Yorkshire Times
A Voice of the Free Press
Andrew Palmer
Group Editor
1:10 AM 6th April 2024

Mozart: Piano Concertos, Vol. 9

Chandos Mozart: Piano Concertos, Vol. 9

Overture to ‘Die Entführung aus dem Serail’, KV
384; Piano Concerto No. 11 in F major, KV 413;
Piano Concerto No. 12 in A major, KV 414; Piano Concerto No. 13 in C major, KV 415

Jean-Efflam Bavouzet (piano)
Manchester Camerata Gábor Takács-Nagy

Chandos CHAN 20286

A calm hangs in the air for just a few brief seconds as the Manchester Camerata begin the Overture to Die Entführung aus dem Serail (The Abduction from the Seraglio), the strings marvellously setting the scene before a wind whips the orchestra into an iridescent, glittering, and plangent tutti. The panoply of instruments in the percussion, triangle, bass drum, and cymbals transport the listener to Turkey. All departments have fun, there is a lovely oboe solo, and Mozart employs a piccolo in G (an instrument no longer in use today). Gábor Takács-Nagy is in control, evoking rhythmic acuity and dynamics that create an exciting overall performance.

And so, volume 9 in this series of Chandos, Manchester Camerata, and Jean-Efflam Bavouzet Mozart Piano Concertos continues with three concertos that were composed together in 1782/83, shortly after Mozart had left his patron and position in Salzburg to establish himself as a freelance composer and performer in Vienna.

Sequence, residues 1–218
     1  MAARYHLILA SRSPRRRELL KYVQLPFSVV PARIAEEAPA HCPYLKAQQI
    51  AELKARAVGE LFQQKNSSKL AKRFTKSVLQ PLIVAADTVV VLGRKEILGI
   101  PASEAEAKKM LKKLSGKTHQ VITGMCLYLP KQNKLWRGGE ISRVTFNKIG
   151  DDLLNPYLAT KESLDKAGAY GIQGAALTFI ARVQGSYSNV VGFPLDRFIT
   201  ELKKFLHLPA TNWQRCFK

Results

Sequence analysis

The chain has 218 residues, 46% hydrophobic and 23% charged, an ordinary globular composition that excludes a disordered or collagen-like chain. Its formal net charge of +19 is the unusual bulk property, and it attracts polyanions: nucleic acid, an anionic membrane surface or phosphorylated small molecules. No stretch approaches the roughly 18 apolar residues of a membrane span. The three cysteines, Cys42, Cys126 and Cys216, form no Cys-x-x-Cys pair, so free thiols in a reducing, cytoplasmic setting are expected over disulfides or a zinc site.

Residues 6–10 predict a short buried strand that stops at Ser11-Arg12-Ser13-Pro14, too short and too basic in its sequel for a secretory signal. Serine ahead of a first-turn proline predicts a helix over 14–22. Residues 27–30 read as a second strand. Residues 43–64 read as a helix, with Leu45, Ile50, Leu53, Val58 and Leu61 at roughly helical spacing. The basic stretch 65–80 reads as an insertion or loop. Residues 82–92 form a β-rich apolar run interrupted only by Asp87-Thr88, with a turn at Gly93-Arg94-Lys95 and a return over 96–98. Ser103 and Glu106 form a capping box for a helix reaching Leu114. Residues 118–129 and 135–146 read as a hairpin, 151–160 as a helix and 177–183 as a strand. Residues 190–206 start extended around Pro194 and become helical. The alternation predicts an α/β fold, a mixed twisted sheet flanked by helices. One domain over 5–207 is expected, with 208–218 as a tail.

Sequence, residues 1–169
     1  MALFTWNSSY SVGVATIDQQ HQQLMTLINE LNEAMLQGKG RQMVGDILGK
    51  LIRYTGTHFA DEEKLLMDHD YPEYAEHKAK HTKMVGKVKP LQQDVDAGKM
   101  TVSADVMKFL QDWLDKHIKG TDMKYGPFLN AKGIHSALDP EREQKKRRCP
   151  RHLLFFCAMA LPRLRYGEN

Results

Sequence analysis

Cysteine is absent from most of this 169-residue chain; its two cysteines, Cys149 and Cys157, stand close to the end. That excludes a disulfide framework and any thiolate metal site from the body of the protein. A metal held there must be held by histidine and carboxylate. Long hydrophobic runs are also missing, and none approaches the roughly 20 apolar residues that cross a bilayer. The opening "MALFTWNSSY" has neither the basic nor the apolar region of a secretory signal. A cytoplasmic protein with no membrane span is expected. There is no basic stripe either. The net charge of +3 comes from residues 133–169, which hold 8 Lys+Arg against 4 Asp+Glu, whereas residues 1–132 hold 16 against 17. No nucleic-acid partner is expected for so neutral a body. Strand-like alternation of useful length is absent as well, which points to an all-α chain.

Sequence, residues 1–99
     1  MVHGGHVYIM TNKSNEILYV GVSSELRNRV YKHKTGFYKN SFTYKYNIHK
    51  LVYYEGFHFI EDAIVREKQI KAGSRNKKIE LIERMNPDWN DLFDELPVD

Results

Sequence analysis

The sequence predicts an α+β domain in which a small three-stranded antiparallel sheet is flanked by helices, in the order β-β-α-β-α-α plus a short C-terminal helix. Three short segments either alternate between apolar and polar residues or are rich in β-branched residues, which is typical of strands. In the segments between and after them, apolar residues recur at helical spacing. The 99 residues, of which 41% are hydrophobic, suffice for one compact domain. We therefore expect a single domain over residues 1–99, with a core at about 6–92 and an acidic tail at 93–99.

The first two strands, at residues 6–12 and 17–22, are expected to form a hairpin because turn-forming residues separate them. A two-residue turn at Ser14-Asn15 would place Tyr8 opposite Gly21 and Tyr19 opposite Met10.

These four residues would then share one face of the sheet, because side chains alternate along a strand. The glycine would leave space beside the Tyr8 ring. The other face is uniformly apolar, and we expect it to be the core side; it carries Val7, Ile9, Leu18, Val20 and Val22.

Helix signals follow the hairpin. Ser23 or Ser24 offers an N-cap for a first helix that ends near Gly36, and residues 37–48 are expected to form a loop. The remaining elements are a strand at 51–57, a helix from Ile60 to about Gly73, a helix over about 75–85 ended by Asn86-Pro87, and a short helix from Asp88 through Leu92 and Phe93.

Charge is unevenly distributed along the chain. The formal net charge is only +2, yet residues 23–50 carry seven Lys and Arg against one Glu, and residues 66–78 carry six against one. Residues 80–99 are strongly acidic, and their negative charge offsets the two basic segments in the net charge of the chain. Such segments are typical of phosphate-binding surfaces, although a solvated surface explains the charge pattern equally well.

Recorded in the Stoller Hall, Hunts Bank, Manchester. Bavouzet is using a Yamaha model CFX nine-foot Concert Grand Piano.

Piano Concerto 11 KV 413, as Michael O’Loghlin points out in his notes, differs from the norm in that the first movement is set in three-four time, which is extremely rare in concertos by Mozart. Throughout, the chemistry between Bavouzet and Takács-Nagy’s orchestra creates an attractiveness, and all the movements are played with a warm lambency, with Bavouzet colouring with lovely decoration and virtuosic cadenzas that never detract, a knack that Bavouzet cleverly uses in such a way that his dexterity can seem understated.

Piano Concerto 12 K414 is an ‘unruffled and cheerful mien with which the principal theme of the opening allegro of KV 414 unfolds and illuminates the entire movement, spreading under a cloudless sky,’ as O’Loghlin eloquently writes. The dialogue between soloist and orchestra is endearing; none of the spirit is lost and all the warmth and geniality are observed, not least in the andante second movement, one of Mozart’s typical gorgeous slow movements played with sensitivity. The little rhythmic pauses and runs in the last movement add to the delight.

The disc ends with a pellucid performance of Piano Concerto 13 K415, where once again, all concerned work with Mozart’s score, producing a wonderful and stylish conclusion to the disc.